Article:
Russia Offers Help to Build Malaysia’s First Nuclear Reactor

Posted on June 8, 2011. Filed under: Energy |


MOSCOW: Russia, one of the leading countries in nuclear energy production, has offered to help Malaysia build its first nuclear reactor, and promises a highly safe plant that can even withstand high seismic activity.

Atomstroyexport chief executive officer Alexander Glukhov said although Russia had yet to receive any request to undertake technical study for such a plant in Malaysia, it was ready to offer its expertise.

“We have yet to be contacted, but we know Malaysia is keen on building a nuclear power plant (NPP) and we are ready to assist them,” he said here today on the sidelines of the AtomExpo 2011 organised by the State Atomic Energy Corporation (Rosatom).

Atomstroyexport is a subsidiary of Rosatom and is involved in the construction of NPPs abroad.

So far, Russian companies have constructed 31 nuclear power units overseas, including in Germany, Finland, Hungary, Bulgaria, Slovakia, Czech Republic and China, and soon in Vietnam and Bangladesh.

Despite concerns over nuclear energy due to the ongoing Fukushima nuclear power plant crisis in Japan, Glukhov said Russia’s third generation NPPs were of high standard and competitive in terms of pricing and technology transfer.

Malaysia plans to build two nuclear power plants that will generate 1,000 megawatts each to reduce its dependency on fossil fuel.

Although there has been no concrete announcement yet, it was reported before that Tenaga Nasional Berhad might construct the country’s first nuclear power plant at a cost of US$3.1 billion by 2020.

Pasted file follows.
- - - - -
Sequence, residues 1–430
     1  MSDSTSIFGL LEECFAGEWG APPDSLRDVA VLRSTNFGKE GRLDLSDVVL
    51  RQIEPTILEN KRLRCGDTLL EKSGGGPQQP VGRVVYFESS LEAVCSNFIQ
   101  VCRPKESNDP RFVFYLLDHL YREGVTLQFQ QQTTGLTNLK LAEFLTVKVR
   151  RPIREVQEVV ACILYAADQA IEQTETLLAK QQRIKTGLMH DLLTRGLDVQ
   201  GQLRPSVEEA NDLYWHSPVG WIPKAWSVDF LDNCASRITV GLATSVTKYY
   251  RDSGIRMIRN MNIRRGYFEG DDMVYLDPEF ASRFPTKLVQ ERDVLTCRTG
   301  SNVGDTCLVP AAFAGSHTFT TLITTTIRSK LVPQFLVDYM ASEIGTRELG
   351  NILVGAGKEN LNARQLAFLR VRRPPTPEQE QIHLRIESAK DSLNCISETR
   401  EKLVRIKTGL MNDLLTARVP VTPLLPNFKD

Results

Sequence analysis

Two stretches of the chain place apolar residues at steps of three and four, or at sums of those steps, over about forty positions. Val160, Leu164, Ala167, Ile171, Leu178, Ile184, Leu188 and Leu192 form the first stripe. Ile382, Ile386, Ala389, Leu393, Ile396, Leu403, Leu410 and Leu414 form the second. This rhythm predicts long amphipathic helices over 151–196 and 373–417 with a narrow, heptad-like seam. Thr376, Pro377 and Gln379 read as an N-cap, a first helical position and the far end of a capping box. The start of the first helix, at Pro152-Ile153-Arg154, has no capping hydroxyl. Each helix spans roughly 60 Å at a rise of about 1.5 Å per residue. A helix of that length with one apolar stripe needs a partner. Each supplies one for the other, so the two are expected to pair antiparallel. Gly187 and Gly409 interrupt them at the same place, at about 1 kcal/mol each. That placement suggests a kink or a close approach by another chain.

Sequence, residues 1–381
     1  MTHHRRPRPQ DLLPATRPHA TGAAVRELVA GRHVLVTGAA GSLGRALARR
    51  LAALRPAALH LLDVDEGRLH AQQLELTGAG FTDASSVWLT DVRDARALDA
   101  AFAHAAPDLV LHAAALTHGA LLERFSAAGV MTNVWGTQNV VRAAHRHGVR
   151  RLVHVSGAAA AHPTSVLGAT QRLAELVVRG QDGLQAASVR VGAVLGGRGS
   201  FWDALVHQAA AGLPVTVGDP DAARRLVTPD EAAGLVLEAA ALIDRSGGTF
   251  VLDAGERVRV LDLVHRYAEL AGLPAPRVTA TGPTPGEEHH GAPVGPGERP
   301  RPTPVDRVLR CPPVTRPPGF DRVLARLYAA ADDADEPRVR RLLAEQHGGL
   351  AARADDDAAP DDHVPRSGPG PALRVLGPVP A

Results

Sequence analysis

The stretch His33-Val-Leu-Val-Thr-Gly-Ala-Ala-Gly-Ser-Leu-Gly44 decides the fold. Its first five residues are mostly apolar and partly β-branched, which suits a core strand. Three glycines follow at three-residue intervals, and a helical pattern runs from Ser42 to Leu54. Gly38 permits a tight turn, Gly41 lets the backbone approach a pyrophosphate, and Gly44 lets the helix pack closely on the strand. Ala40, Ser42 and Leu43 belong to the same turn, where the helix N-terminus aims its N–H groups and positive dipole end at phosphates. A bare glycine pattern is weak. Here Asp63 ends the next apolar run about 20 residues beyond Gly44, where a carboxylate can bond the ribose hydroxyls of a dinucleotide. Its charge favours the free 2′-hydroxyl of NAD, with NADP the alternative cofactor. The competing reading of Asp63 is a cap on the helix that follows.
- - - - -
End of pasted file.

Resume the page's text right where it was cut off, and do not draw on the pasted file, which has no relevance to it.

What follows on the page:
Early this year, Prime Minister Datuk Seri Najib Tun Razak announced the formation of Nuclear Corporation under the Economic Transformation Programme (ETP).

Najib had said that the government was studying the possibility of deploying nuclear energy to meet future demands and diversify the energy mix for Peninsular Malaysia and that the corporation would spearhead the initiative.

Sergei Boyarkin, Rosatom’s programme director of the Engineering Projects Department, said Russia had one of the most stringent requirements in construction of NPPs.

This, he said, was due to the Chernobyl catastrophe in 1986, adding that the latest design could even withstand earthquakes of up to 9.0-magnitude on the Richter scale.

He said building an NPP in tropical countries like Malaysia or in highly-seismic activity areas like Indonesia would not be a problem as they had built NPP in a similar location in South China.

“Apart from design, we are very strict in siting an NPP. In fact, with our third generation plant, we can have the plant about one kilometre away from residential areas.”

Furthermore, he said, there were about 143 reactor units in Europe, most of them near densely populated areas and some even in popular resorts in France and Switzerland.


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